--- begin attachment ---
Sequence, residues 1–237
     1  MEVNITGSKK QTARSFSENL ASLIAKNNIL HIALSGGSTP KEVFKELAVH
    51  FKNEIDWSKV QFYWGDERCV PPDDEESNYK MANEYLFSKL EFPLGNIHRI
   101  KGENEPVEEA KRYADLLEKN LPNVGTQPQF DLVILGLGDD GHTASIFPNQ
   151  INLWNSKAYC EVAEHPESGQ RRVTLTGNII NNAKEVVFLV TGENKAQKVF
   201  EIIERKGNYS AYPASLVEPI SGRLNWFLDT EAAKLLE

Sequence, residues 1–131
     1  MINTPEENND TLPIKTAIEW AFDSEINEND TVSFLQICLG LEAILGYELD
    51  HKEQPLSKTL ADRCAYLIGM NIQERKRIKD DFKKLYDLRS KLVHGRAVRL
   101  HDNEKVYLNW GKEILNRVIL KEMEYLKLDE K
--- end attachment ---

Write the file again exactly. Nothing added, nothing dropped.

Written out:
Sequence, residues 1–237
     1  MEVNITGSKK QTARSFSENL ASLIAKNNIL HIALSGGSTP KEVFKELAVH
    51  FKNEIDWSKV QFYWGDERCV PPDDEESNYK MANEYLFSKL EFPLGNIHRI
   101  KGENEPVEEA KRYADLLEKN LPNVGTQPQF DLVILGLGDD GHTASIFPNQ
   151  INLWNSKAYC EVAEHPESGQ RRVTLTGNII NNAKEVVFLV TGENKAQKVF
   201  EIIERKGNYS AYPASLVEPI SGRLNWFLDT EAAKLLE

Sequence, residues 1–131
     1  MINTPEENND TLPIKTAIEW AFDSEINEND TVSFLQICLG LEAILGYELD
    51  HKEQPLSKTL ADRCAYLIGM NIQERKRIKD DFKKLYDLRS KLVHGRAVRL
   101  HDNEKVYLNW GKEILNRVIL KEMEYLKLDE K